Let The Baking Begin!

November 1st 2014, Round 2

by Helen Scott, Mango Menus

 

Last Saturday marked the second round of the Battle of the Bakers Hong Kong. This time, 16 contestants assembled at the expansive cooking facilities of Town Gas in Causeway Bay to learn how to make the perfect iced cookie. This was under the expert tuition of Anouska Mutreja from The Rose Petal Cakery, who shared some of her secret tips which we are excited to pass onto you! They also each brought a favourite cookie from their childhood that they had made at home to share with the group along with its, often sentimental, history. While the contestants received constructive feedback on their creations from home and in class, there were no eliminations. These will begin next week.

 

The class began with Anouska explaining how to make the perfect cookie dough which she always does by hand to avoid overworked and dense results. For the perfect thickness, she recommends placing your dough in between two copies of Good Food magazines and rolling on top until your pin reaches the height of the magazines. To avoid biscuits spreading once in the oven, she suggests rolling the dough into a sheet, placing it in the fridge or freezer for at least 15 minutes, then cutting it while chilled and baking immediately. The contestants then had a go at making their own cookies which all appeared to run fairly smoothly. The icing however presented a few more issues!


Anouska gave a lesson on frosting, where she mixed a royal icing from confectioner's sugar and meringue powder, rather than egg white, since this keeps for longer (up to 1 month), and stands up better to the HK humidity. She explained how to create different consistencies and shared a kitchen hack to keep your piping bag clean, by wrapping your icing first in cling-film and piping from that, within the bag. She also demonstrated how to make icing transfers by stencilling around print outs of large font letters. No one needs to be able to draw free hand when you have the internet at your fingertips!

 

The results of the decoration were certainly more mixed and definitely more colourful! While most contestants opted for the flavourless gels, a few chose some of the natural colourings, such as pumpkin for orange and green tea for green. These need to be used with care since each carries its own inherent flavour so affects the overall taste of the cookie.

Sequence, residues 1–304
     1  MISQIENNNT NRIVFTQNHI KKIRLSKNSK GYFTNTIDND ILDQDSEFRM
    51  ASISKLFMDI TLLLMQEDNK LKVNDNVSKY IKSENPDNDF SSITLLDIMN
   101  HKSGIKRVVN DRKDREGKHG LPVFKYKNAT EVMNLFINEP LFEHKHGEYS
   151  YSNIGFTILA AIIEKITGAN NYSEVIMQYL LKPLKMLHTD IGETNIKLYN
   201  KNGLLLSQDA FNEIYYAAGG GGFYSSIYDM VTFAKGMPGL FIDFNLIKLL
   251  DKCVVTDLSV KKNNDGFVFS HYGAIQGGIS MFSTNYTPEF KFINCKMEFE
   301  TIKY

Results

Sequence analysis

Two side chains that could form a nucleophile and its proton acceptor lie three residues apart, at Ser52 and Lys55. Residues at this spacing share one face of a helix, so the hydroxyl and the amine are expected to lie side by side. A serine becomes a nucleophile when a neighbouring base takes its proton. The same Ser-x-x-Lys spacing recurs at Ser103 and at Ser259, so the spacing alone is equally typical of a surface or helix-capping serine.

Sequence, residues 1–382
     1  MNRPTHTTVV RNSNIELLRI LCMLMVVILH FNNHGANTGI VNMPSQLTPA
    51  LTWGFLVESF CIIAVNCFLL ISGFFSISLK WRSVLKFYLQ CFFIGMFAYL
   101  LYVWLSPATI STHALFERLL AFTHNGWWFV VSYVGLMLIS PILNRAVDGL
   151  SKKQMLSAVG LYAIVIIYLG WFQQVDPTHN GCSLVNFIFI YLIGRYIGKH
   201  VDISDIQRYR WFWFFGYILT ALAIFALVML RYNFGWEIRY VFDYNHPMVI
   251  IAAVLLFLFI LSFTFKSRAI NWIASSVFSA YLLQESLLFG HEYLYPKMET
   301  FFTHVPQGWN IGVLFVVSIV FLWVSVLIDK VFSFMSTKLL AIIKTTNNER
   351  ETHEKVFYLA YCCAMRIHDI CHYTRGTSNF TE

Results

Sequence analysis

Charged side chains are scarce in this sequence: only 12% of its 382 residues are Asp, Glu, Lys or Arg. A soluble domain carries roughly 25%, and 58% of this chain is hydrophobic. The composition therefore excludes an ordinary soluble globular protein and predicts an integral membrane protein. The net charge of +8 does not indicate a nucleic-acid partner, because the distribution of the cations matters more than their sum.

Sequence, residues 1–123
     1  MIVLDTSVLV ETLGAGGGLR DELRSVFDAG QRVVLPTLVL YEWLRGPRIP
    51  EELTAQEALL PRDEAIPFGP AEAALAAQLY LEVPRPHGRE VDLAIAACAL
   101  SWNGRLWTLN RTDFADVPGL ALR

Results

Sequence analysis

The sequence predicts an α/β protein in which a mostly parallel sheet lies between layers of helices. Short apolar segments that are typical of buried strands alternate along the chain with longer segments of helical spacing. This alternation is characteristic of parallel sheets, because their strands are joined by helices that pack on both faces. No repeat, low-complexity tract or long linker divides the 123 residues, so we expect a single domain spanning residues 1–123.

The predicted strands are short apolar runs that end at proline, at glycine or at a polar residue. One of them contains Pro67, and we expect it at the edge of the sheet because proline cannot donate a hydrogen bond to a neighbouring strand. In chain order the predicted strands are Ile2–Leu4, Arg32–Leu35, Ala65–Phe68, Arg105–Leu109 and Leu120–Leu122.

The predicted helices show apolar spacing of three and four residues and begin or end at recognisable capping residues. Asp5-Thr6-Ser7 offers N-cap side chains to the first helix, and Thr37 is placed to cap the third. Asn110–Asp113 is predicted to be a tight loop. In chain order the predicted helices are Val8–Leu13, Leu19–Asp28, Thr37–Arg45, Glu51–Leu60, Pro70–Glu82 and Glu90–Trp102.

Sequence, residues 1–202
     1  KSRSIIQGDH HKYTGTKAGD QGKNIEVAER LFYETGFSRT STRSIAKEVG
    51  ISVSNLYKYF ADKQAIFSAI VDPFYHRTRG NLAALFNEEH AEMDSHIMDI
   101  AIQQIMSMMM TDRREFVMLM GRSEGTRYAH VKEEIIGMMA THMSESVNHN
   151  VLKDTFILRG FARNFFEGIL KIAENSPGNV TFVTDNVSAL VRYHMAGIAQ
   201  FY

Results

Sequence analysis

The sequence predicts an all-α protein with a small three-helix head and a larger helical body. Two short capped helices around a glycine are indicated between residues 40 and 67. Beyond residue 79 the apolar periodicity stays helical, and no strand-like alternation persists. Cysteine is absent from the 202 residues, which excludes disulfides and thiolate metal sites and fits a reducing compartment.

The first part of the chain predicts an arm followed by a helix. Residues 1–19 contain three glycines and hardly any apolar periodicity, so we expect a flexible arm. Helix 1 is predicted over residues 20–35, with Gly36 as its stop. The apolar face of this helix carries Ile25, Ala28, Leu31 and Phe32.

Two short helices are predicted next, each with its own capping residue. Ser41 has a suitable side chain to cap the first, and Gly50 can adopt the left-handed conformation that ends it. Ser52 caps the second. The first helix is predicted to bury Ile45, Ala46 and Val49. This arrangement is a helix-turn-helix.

After a productive few hours of baking and decorating, each contestant presented their best endeavour, along with a box of cookies that they had prepared at home, the brief demanding a biscuit from their childhood.


The very description in the brief was a small challenge to one contestant, Gillian, who understood the term biscuit to be a different entity to the cookie! In fact, it is just the English word for it, and she concluded by baking a well presented pinwheel cookie with a hint of salt. Onto other chocolate creations, thes'mores by Christina were a favourite from the judges who enjoyed the ginger and cinnamon flavours as well as the colour and texture variety from the marshmallows and crunch. These were a cookie that she would take on camping trips to eat around the bonfire. Another cocoa creation was the double chocolate chilli cookies from Sunshine, who used both cayenne pepper and dried chilli to flavour them. There was a sure punch to them but the judges felt chilli might have sufficed as the only spice, and chocolate chips may have added more texture to the cookie. The biscuit bear mint thins were a welcome mint choc contribution from Cora, although more of a chocolate than a biscuit which had been requested in the brief.